HOPE distributes literature and actively participates in community events to raise awareness of current environmental issues, to educate people and to suggest how these issues should be approached, and to show exactly how easily sustainable living can be done at home.

Neil Tracey-Smith with his compost tumbler

Through the hard work and dedication of Frank (and, of course, HOPE’s network of members, supporters and volunteers), HOPE’s standing in the environment sector has grown substantially – especially being affiliated with many international, national and Queensland-wide conservation groups. Some of these Queensland conservation groups include: the Queensland Conservation Council, Queensland Water and Land Carers, Protect the Bush Alliance-Queensland and Friends of Southeast Queensland.

Peter Kearney displays organic gardening results

But what does being sustainable and protecting the environment actually achieve? Why should we make an effort to do so? Why does this matter and why should we care? Even if you have no interest in hearing the deafening calls of the Amazonian frogs or rubbing shoulders with the clown fi sh of the Great Barrier Reef, conserving the environment is still important for you.

In 2000, the United Nations secretary-general called for an assessment of the consequences of ecosystem change on human well-being. Named the Millennium Ecosystem Assessment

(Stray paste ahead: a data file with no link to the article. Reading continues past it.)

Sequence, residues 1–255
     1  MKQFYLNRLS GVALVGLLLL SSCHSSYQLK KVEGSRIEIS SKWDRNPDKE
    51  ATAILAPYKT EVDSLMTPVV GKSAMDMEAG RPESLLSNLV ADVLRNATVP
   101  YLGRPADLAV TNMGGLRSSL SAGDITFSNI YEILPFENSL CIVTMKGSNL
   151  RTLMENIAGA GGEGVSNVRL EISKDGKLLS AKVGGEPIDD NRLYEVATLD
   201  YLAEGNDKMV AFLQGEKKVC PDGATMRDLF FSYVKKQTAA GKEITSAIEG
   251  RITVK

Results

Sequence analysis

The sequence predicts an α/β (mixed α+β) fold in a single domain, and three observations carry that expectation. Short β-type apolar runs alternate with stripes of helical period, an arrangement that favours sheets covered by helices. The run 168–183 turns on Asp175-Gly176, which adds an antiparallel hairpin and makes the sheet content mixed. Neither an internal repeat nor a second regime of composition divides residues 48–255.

(MA) and involving the work of more than 1360 international experts, its findings were published in five technical volumes and six synthesis reports and provided one of the most comprehensive evaluations of the state of the environment in history. The report identified vital services that ecosystems provide: these include provisioning, regulating, supporting, and cultural services.

Jeremy Colby-Williams and Stephen Wooldridge

Provisioning services are the products that ecosystems provide. Some examples are fresh water, nutrients, and raw materials such as plant oils, timber or even tea and coffee. Another inconspicuous provisioning service is the production of medicines. It was estimated that natural products and their  derivatives represent 50 percent of all drugs used clinically. Two examples are aspirin and morphine derived from the bark of willow trees and the latex of opium poppies respectively. There is also some extraordinary research being undertaken into finding new drugs produced by micro-organisms living in the fur of sloths. In a study published last year, researchers identified 84 ‘species’ of fungi living on three-toed sloths from Panama. The researchers found that some of these fungi produced chemicals that were broadly active against breast cancer, malaria, and Chagas disease.

HOPE info display at Toowoomba Languages and Cultural Festival

Regulating services are simply the services ecosystems provide that regulate natural resources. This includes pollination, erosion prevention, and pest control. The supporting services (also called the habitat services) are the life-supporting processes. Some of these life-supporting services are nutrient cycling, water cycling, and soil formation. The regulating and supporting services are intertwined and are of particular interest for humans because they are essential for agriculture.